The Intimacy of Informality

Last night I attended Cherylyn Lavagnino Dance's Summer Soiree, the second event of its 2011 Salon Series. It was truly an evening of artistic innovation and collaboration, complete with live music, visual art—and of course, dancing.

 

The Soiree took place on the third floor of the Chelsea Art Museum, an expansive space overlooking the Hudson, flooded with sun, and filled with sculptures, paintings and photographs. Informal in nature, the evening cultivated an intimate environment for the audience. With seating at seemingly random intervals around the room and live musicians centrally located in the space, audience members were encouraged to interact with each other and their surroundings. 

 

The first piece was a duet entitled And then I knew ‘twas Wind…, danced by Ramona Kelley and Joshua Palmer. From the quiet entrance and immediate tension (established by several moments of stillness), the piece had a contemplative tone and hypnotic quality, with rhythmic partnering, solo work and impressive integration of the floor and unconventional space. What was most striking to me was the intensity of Kelley and Palmer’s focus. In an intimate, up-close setting, it can be easy for a performance to break down without the security of distance to veil slip-ups or wavering commitment from the dancers. This was not the case with CLD—the physical and emotional connection between the dancers was felt from start to finish, and the execution of their movement was clean and technical. The dancers paid close attention to the detailed choreography, which was filled with small and deliberate moments that spoke for themselves.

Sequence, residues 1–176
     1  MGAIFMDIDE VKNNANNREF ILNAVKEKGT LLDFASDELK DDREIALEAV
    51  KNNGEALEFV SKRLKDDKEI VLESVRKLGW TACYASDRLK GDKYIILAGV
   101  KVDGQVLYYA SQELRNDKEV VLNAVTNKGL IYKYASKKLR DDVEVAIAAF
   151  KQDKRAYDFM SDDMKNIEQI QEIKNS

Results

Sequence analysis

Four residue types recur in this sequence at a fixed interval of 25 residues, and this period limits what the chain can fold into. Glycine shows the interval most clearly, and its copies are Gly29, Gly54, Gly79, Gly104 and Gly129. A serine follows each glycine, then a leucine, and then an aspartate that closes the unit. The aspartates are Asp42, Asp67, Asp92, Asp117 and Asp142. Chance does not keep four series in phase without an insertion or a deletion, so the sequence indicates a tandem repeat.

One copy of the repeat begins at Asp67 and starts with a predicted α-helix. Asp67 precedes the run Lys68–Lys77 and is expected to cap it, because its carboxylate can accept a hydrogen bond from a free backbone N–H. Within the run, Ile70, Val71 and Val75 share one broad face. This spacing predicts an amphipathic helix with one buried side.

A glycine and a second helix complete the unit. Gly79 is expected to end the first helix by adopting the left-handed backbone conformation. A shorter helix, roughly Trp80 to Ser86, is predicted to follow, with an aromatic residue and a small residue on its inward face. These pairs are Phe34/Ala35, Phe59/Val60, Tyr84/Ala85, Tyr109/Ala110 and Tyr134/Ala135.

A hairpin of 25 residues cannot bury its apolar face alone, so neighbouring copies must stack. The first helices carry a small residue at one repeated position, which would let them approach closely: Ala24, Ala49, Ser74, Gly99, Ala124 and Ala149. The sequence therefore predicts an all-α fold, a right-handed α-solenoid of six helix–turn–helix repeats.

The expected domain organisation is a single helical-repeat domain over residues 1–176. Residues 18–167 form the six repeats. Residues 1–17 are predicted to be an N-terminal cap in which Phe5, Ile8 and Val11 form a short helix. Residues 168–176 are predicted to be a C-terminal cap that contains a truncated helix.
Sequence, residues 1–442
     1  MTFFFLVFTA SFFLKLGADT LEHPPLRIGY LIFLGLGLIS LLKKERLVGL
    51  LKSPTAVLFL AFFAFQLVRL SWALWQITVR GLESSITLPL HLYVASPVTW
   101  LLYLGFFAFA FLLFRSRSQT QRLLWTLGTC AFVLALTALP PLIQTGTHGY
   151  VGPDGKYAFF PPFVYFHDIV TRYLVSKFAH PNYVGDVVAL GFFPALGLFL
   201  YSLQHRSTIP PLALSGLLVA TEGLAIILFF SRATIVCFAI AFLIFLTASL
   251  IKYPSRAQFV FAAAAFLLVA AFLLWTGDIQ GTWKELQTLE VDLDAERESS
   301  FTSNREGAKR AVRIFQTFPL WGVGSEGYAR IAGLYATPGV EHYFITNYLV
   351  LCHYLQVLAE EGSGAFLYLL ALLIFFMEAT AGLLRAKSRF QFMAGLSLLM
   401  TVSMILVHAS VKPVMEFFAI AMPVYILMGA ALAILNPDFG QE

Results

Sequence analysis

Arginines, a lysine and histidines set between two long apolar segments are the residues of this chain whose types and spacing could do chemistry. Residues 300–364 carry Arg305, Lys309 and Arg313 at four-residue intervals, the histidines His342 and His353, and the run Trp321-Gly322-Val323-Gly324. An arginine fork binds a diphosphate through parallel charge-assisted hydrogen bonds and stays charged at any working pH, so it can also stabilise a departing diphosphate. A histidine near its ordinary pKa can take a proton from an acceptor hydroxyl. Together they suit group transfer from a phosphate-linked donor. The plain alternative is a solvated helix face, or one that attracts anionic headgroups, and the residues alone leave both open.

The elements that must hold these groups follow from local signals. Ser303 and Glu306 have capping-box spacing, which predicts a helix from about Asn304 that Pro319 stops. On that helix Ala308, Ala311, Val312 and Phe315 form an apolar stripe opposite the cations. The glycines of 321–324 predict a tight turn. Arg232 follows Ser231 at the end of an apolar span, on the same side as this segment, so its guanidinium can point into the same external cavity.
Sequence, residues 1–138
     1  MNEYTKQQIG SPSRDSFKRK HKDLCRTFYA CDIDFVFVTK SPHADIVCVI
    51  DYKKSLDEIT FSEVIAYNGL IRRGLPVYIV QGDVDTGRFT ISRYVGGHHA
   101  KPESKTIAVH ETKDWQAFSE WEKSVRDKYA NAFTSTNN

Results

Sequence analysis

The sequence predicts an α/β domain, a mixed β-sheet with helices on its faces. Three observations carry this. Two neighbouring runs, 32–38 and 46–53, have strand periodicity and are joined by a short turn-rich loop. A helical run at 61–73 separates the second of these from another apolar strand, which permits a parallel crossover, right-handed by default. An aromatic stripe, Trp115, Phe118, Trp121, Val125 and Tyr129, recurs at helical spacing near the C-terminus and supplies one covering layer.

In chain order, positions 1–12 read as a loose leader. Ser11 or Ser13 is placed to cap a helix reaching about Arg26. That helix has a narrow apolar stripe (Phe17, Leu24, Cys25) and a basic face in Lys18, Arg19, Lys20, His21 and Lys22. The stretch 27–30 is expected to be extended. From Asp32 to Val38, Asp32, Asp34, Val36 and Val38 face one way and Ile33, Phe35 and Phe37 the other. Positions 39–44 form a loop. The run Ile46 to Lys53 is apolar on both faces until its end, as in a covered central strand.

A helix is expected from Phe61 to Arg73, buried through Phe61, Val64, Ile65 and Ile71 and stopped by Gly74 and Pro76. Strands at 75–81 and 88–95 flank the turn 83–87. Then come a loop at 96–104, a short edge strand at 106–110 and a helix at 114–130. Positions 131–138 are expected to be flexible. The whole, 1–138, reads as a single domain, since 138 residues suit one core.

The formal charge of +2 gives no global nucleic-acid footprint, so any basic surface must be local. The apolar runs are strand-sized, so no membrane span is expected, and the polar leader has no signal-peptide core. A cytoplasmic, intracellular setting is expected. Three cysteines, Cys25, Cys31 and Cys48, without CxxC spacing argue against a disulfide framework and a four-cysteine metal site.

The program instructed the audience to move to the back gallery at the conclusion of the first piece, and after we had taken our seats, Satie Suite began, a compilation of excerpts from Menage (choreographed by Lavagnino in 2010). Two couples walked into the room to spirited piano music. The quartet was dynamic and evolving, as the dancers moved with seduction in constantly changing pairings. Again, the commitment of the dancers to each other was evident in their thoughtful interactions with one another and unfailing focus. 

 

The evening concluded with a restaging of Fell of Night, originally choreographed in 2008. It consisted of four duets, entitled Memory, Loss, Sever, and Solace, and looked into the emotions that accompany loss.  Each duet had a distinct tonal quality to it, and each dancer a deliberate identity. I think the individual identity of each dancer is at the heart of what makes Cherylyn Lavagnino Dance so effective and moving—yes, the dancers have sound technique and a collective weightlessness to the way they move, but the choreography allows room for interpretation. It affords the dancers a range of artistic freedom, the results of which are just lovely to watch.